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Phaeorrhiza sareptana (Tomin) H. Mayrh. & Poelt
Family: Physciaceae
Phaeorrhiza sareptana image
Thompson, J., 1997. American Arctic Lichens: The Microlichens.
Thallus squamulose, 1-3 mm broad, and long lobes forming hummocks or scattered, flat to swollen, brown or paler to ocher or yellow-green in shade; upper cortex 30-40 μm thick, paraplectenchymatous; lower medulla and underside turning intense violet in KOH, red in P. Apothecia at first partially immersed, soon adnate with a thin thalloid margin which rapidly becomes convex, and with the margin excluded, lecideine; exciple dark; hypothecium hyaline, base sometimes reaching the lower cortical region; hymenium 85-100 μm, inspersed, with red-brown epihymenium; paraphyses 1.5-2 μm, poorly visible, tips 2.5-3.0 μm, brown capitate; spores 8, 2-celled, brown, thin-walled, tips often thickened, center constricted, 17-21 x 7-9 μm.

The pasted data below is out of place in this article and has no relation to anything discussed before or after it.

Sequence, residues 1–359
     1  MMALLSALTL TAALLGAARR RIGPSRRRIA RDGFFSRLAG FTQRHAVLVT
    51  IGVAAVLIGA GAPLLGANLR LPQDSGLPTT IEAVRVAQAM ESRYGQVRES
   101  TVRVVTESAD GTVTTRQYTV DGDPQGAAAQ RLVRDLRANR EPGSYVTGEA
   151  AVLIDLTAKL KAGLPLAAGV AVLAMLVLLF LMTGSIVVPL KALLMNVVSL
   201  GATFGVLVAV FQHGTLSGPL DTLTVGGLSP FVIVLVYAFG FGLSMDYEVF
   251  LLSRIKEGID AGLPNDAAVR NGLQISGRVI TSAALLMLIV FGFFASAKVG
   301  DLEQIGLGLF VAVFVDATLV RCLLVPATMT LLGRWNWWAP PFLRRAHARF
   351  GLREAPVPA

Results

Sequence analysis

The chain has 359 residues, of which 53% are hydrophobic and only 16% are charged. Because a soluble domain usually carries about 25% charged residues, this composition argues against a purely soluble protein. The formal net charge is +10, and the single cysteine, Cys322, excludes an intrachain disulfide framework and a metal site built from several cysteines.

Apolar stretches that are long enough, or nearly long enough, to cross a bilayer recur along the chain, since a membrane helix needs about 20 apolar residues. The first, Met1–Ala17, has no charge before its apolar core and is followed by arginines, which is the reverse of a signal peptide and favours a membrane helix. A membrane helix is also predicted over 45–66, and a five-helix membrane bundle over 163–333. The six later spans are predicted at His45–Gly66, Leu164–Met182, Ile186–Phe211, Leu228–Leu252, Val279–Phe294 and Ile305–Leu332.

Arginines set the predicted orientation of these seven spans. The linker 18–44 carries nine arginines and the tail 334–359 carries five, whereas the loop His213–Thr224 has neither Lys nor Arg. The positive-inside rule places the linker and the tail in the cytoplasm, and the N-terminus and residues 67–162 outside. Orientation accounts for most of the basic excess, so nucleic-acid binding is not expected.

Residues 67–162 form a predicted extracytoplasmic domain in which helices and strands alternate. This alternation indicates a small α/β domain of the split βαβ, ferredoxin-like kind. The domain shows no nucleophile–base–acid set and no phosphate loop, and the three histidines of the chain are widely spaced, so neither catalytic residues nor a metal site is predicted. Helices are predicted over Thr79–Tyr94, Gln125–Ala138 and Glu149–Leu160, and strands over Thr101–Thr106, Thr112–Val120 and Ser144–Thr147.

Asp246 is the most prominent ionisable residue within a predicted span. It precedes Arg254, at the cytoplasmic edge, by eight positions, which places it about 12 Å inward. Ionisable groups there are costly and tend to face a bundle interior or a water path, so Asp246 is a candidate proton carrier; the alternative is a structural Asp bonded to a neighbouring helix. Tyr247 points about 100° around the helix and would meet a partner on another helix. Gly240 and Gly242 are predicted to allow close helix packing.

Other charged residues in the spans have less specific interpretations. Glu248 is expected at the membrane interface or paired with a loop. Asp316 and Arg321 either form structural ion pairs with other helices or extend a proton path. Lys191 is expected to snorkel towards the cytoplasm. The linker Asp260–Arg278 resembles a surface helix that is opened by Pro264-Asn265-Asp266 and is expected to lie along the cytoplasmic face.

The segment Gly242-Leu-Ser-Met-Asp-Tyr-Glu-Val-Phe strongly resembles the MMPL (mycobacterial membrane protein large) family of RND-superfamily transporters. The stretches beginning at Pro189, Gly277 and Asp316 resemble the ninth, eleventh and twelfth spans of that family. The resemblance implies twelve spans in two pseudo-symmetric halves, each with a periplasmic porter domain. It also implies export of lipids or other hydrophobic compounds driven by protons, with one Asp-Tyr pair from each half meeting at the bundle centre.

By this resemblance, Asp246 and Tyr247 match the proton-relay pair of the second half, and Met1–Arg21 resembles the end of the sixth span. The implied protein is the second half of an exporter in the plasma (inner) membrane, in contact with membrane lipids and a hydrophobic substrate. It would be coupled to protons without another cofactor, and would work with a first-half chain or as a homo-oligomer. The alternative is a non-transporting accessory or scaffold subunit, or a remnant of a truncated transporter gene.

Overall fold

This species occurs on moss and humus; its ecology is similar to that of P. nimbosa. In North America the collections are from Colorado, Montana, Alberta, Saskatchewan, and in the Northwest Territories from Clyde Inlet on Baffin Island and at Reindeer Station in the Mackenzie River valley.

This species is divided by Mayrhofer and Poelt (1978) into two varieties: var. sareptana with the thallus epruinose, the paraphyses 1.5 μm with the tips 1.5-3 μm, occurring in eastern Europe, and var. sphaerocarpa (Th. Fr.) H. Mayrh. & Poelt with the thallus finely but distinctly pruinose, the paraphyses 2-3 μm and their tips 5-6 μm, known from Norway, the Alps, and North America.